How Much Oil Did the Solar Panels Save?
To get an estimate, I went to the website of the Energy Information Administration (EIA) which is part of the Department of Energy (DOE). If ever there is a government agency that is worth their salt, it is the EIA. (I'd also put NOAA into that category, but that is a topic for another blog). If one has any interest whatsoever in understanding energy issues in the USA and the world, then a visit to the EIA website (http://www.eia.doe.gov/) is a necessary stop. I wouldn't put a lot of trust in their forecasts, but their compilation of historical data is outstanding.
In their section on electricity, one can find the generation data for all states and for the USA as a whole.
The first pie chart shows the generation portfolio for Connecticut. The primary fuel source is nuclear followed by natural gas, cola, renewable, oil, hydro, and lastly other types. For the USA, the generation mix is a little different as seen in the second pie chart. Compared to the rest of the nation, CT uses substantially more nuclear power and substantially less coal.
The striking feature of both charts is how little oil is used (listed at Petro in the bar graphs). Nationally, only 3% of the electricity is generated using petroleum or products. In CT, the fraction is 5%. These values were obtained from the October Monthly data and are the actual fuel mix for the year 2004. One has to go back to before the oil crises in the 1970s to get a higher fraction of oil use in electricity generation.
So how much oil was supplanted? It is tempting to just say that only 5% of the solar power generated by our tiny array was used to supplant the oil, but that isn't exactly correct. The thing that is missed is that with respect to power generation, the different fuel types are used at different times of the day and in different seasons. Power usage peaks in the late afternoon and in the summer.
Generally, the cheapest power to make is generated first, followed by the next cheapest, etc. The base power is nuclear, and this gets generated whenever the power plants are not down for maintenance. Next come hydro (if available) and coal followed by natural gas. Petroleum is usually the last one to be called, and it doesn't happen too often unless the petro plant is a "must run" station that is needed for the stability of the power grid.
The power supplanted, then, is the fuel with the marginal cost at the time that it is generated. Most of the time when the solar power is being generated (mainly summer months and midday), this will be natural gas, but it could also be the other components. I haven't calculated the exact amount, for that would have to be done with hourly data. These hourly data are possible to get, but it would take a bit of time and effort to work out. I may try it in the future, but I haven't done it as yet. But it is safe to say that hardly any coal and nuclear have been eliminated by the solar panels, the bulk of the solar power is substituting for natural gas, and some of the petro is also being substituted out.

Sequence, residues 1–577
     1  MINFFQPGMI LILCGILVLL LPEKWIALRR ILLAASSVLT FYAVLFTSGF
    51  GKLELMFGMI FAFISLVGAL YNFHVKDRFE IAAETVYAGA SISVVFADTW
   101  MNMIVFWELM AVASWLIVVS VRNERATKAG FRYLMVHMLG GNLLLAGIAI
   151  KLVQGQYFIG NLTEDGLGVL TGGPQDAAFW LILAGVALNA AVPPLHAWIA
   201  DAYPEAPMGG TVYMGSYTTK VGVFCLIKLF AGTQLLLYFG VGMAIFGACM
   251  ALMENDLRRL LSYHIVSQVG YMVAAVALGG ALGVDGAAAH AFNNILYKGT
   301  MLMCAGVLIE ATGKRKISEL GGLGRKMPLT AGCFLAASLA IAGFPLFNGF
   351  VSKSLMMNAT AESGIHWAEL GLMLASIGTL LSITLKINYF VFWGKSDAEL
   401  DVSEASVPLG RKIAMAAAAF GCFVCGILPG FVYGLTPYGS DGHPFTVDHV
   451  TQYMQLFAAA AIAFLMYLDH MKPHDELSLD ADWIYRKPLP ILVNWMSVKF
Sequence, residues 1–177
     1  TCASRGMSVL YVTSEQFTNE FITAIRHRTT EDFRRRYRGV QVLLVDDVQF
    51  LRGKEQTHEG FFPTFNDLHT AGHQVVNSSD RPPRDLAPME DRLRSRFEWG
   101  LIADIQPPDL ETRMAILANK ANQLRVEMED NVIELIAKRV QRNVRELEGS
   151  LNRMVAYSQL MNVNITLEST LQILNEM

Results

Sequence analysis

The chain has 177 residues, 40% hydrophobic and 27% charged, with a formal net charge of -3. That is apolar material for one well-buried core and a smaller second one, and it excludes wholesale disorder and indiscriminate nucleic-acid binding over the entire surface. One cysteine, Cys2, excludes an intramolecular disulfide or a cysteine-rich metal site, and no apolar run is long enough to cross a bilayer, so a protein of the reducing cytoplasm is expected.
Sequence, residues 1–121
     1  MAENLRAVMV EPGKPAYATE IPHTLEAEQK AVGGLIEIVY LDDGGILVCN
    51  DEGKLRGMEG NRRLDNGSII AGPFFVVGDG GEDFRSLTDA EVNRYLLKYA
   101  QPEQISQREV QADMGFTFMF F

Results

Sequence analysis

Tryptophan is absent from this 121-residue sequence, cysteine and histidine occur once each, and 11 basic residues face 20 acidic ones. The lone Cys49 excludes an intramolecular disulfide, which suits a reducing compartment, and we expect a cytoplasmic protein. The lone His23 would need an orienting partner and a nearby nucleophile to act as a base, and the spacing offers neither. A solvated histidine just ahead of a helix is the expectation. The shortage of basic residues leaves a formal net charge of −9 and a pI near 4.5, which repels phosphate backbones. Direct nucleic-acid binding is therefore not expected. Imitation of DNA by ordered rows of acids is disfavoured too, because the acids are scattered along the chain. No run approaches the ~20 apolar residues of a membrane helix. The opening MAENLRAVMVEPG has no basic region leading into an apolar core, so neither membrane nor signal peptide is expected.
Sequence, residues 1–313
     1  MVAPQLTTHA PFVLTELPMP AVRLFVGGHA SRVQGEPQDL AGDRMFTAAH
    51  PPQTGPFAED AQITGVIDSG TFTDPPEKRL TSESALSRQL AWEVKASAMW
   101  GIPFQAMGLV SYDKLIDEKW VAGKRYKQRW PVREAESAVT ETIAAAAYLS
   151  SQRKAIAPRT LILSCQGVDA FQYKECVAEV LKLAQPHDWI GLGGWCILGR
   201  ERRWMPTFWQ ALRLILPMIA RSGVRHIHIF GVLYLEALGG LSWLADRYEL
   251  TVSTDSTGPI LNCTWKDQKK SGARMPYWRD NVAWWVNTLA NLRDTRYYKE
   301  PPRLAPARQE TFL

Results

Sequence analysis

The bottom line is that the solar array hasn't as yet made an appreciable dent in my oil consumption, but it has reduced the natural gas usage. This is important if one is concerned about greenhouse gases (and it isn't clear at the moment that I am), but it isn't optimal if that is your primary concern either, for more greenhouse gases are generated by coal and oil than by natural gas.
To eliminate the coal by solar, one has to generate enough for the day usage and also generate and store enough of the solar (or wind) power to last you through the night time as well. It is difficult to see how one could eliminate coal entirely, unless the entire roof of the house was covered with solar panels (not practical today but potentially possible someday), and a large battery or other backup system (which I presently do not have) is installed.
So why did I put in the solar panels then? That is a very good question.
The first answer is that if I had thought about the generation data beforehand, I may not have done the array first. If someone is on a limited budget and looking for methods to reduce dependence on foreign oil or reduce greenhouse gases, the money is best put towards better gas mileage or other forms of heating the home if fuel oil is used. Eventually though, I would have gotten around to it.
The second answer is that natural gas has its own problems (notice the price of natural gas lately?), and I'm trying to stay away from natural gas as well. Further, the use of the sun for power generation fits into the vision of how I think things will go if the peak oil and the peak natural gas people are even half right. That needs elaboration (in a future post).
There is also the fact that any net reduction in natural gas, especially permanent ones like solar panels, will probably end up reducing the use of oil, because the markets tend to used the cheaper sources, and presently that is usually natural gas, so if users of solar power are no longer using as much natural gas for power generation, the price will be lower, making it an even better alternative to oil and products, insuring more natural gas gets used in other areas such as petroleum refining, etc. This substitution, though very real, is a second level effect.
Finally, the primary reason is that it made sense from a financial (as well as a power) risk management perspective. The financial aspect is the subject of the next post.